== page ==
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Monday, 21 January, 2002, 17:53 GMT
French doctors start week of strikes
Generic picture of GP and patient
GPs complain they work long hours for low fees
French health workers have kicked off a week of industrial action which is expected to bring unprecedented disruption to the country's medical services.

A national strike of hospital workers was called on Monday to protest about staff shortages after the introduction of a 35-hour working week.

Bernard Kouchner
Bernard Kouchner: Doctors' conditions must improve
The disruption is set to continue on Tuesday as nurses take to the streets, and will culminate on Wednesday with a call for a "day without doctors," which has received widespread support throughout the medical professions.

Unions said that by late afternoon significant numbers of staff had stopped working, but that a reduced service was still being provided.

"Patients who need health care and who to go the hospital are taken care of," said Bernard Henin of the Force Ouvriere union.

"Even during major mobilisation we always consider that the patient comes first."

French Health Minister Bernard Kouchner said he understood the doctors' anger and that their living and working conditions had to be improved.

Strikers' demands

Monday's strike was called by four trade unions, which are demanding the creation of 80,000 new jobs to compensate for the shortening of the working week in public hospitals.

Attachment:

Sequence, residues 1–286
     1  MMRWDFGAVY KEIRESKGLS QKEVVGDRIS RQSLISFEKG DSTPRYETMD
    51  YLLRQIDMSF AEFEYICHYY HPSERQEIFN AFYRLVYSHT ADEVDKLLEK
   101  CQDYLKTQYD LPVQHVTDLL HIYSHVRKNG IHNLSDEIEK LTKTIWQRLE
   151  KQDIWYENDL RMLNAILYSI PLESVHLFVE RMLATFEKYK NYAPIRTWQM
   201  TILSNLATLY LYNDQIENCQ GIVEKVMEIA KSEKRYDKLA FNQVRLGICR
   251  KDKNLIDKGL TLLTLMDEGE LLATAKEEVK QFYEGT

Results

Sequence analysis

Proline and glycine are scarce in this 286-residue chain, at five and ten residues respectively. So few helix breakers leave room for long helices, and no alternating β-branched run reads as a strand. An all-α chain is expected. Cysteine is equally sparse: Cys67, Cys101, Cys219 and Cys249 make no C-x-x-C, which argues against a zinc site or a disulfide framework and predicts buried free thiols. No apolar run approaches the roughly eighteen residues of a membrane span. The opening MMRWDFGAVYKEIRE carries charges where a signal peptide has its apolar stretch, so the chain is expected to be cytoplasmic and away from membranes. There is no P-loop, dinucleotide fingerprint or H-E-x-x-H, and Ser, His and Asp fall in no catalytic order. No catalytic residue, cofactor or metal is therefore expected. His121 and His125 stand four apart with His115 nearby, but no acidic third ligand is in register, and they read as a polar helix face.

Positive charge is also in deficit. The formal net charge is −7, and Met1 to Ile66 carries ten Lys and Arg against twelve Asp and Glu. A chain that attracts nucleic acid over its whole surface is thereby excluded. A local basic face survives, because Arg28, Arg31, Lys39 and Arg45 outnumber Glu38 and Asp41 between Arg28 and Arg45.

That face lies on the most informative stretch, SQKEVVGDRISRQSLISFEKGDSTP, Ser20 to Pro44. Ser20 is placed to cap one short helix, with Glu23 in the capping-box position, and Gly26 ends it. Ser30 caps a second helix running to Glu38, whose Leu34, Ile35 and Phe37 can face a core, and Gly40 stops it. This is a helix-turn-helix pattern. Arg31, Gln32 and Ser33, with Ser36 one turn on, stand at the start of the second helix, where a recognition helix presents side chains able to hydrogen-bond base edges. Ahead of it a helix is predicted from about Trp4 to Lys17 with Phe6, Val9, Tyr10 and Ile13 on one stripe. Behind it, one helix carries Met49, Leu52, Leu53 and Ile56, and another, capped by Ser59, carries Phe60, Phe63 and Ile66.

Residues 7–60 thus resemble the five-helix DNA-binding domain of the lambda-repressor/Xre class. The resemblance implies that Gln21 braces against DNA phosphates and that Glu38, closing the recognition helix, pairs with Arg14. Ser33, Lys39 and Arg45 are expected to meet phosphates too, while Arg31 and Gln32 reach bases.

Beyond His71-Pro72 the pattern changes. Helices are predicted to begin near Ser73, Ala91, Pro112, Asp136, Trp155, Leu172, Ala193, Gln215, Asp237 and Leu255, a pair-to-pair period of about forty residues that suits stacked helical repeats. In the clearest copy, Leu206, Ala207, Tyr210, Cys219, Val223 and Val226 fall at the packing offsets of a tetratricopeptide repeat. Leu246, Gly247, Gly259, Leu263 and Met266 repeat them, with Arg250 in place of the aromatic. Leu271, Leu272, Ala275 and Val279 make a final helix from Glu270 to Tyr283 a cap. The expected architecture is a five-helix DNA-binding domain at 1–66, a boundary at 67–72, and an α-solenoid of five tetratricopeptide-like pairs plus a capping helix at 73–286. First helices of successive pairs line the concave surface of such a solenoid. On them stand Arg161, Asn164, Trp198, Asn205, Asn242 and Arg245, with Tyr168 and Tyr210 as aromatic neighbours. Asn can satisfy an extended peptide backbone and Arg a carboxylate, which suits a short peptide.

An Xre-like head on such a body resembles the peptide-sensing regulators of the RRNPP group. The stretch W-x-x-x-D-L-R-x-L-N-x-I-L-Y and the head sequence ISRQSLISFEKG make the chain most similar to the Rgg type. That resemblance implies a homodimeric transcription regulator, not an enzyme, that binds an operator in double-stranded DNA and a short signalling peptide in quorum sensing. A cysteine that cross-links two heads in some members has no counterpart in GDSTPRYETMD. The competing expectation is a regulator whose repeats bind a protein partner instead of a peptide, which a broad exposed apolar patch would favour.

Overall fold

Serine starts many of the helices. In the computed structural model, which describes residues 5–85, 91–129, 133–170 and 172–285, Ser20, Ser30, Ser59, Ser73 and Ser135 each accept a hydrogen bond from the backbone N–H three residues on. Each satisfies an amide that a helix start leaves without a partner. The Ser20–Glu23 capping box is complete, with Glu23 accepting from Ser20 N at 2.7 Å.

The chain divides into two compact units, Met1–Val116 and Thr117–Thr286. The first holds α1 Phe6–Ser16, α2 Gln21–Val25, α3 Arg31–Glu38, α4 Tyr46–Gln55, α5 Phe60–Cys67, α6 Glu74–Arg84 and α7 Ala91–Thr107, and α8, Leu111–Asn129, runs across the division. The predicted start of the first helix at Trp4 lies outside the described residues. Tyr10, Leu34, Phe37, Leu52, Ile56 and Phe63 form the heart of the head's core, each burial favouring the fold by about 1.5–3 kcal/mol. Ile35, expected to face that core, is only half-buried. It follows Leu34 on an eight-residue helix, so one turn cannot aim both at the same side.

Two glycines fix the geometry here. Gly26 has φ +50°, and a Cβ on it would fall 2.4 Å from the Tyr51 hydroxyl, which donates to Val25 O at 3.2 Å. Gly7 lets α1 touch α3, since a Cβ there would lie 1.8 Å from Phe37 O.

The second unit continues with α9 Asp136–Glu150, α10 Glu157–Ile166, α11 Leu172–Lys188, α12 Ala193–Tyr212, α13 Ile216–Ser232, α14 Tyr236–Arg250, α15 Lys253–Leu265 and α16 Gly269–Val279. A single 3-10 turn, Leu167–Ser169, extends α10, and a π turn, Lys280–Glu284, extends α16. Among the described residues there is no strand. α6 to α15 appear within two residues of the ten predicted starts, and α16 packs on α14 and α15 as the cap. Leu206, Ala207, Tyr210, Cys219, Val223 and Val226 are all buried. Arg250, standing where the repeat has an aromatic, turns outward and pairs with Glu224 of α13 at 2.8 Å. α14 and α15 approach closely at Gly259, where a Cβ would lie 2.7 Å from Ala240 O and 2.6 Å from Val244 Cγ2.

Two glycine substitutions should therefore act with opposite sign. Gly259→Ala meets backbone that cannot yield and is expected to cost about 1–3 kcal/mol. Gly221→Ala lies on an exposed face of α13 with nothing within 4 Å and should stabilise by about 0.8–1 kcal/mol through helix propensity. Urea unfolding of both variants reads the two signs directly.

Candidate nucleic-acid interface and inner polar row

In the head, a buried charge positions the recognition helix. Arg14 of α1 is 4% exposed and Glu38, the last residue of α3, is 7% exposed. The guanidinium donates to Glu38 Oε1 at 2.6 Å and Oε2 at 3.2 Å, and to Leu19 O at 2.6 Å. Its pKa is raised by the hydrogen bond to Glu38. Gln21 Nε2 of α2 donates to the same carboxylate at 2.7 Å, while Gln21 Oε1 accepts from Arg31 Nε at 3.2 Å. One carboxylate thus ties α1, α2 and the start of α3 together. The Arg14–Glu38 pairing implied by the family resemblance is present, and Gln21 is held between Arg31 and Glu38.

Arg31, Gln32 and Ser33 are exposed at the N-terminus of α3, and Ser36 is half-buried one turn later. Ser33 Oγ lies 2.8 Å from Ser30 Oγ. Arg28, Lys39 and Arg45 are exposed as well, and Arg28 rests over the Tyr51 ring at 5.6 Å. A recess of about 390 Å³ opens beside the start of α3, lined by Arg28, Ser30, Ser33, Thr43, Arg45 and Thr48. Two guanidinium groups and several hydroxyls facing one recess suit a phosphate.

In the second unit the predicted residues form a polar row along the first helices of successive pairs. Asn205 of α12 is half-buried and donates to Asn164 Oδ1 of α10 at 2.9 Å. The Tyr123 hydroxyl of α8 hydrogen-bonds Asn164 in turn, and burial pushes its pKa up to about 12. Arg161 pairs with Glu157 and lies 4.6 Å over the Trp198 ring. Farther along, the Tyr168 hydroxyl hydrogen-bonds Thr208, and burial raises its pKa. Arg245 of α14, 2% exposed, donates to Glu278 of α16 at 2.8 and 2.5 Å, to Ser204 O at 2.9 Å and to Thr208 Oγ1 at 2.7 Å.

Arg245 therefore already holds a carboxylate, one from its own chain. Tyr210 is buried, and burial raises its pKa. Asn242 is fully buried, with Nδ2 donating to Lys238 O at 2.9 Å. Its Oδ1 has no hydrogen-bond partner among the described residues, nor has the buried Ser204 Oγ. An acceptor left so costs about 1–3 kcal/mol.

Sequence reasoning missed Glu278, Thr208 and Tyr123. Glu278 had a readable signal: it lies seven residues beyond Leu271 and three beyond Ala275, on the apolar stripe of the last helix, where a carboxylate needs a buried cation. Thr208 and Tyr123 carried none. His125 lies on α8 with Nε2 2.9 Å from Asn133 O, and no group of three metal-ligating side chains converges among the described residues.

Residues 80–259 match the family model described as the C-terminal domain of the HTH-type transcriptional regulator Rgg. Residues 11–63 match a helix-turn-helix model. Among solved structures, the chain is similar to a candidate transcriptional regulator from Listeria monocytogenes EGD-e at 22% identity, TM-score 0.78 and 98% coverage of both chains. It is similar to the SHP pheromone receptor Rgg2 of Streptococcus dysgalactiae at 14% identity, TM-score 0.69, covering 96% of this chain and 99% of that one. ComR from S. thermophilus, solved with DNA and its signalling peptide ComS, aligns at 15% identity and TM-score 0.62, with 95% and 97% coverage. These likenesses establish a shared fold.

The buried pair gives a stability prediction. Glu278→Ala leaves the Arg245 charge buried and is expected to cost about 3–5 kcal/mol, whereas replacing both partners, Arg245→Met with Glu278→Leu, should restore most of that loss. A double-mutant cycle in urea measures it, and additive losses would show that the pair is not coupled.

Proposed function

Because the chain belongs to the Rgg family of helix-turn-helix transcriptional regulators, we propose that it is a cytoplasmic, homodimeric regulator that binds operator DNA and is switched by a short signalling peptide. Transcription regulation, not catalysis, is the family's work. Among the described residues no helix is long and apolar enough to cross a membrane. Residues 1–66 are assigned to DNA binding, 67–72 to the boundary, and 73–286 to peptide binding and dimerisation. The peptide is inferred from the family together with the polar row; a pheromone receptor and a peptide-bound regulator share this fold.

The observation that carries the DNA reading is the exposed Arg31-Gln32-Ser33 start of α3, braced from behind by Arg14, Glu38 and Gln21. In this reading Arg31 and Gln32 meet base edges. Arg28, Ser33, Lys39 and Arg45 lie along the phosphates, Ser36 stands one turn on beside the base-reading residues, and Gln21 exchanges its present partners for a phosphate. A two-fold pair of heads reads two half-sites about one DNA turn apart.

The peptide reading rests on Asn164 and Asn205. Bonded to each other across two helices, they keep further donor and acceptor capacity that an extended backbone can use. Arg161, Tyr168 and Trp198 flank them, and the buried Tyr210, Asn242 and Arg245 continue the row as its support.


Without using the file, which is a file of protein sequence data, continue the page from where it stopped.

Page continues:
These unions - including two of the biggest in the health sector - reject an agreement reached by other unions with the government for the creation of 45,000 compensatory jobs.

The disruption comes after a weekend of chaos in hospital emergency rooms, caused by general practitioners refusing to visit patients at home.

They are demanding a 15% rise in consultation fees and 46% rise in payments for home visits. Their current incomes average 51,000 euros ($45,000) per year and they typically work a 58-hour week.

On Tuesday attention will focus on nurses as they take their demands for a review of fees and payments to the streets of Paris.

Government under pressure

Whatever the outcome of those talks, it is unlikely to deflect support from the planned highpoint of the week's events - the "day without doctors" on Wednesday.

Most GPs are expected to heed the unions' calls to close their doors for the day and their action has the support of many specialists, emergency workers and private practitioners.

The force of the strike is likely to hit the French public hard, coming at a time when services are in any case under strain from the usual bout of winter maladies, including influenza and bronchitis.

Television images of exhausted hospital staff, and patients left for hours in waiting rooms and corridors, has shocked the country.

But there is popular sympathy for the health workers and, with presidential and legislative elections due this year, the government will be under pressure to bend to their demands.

See also:

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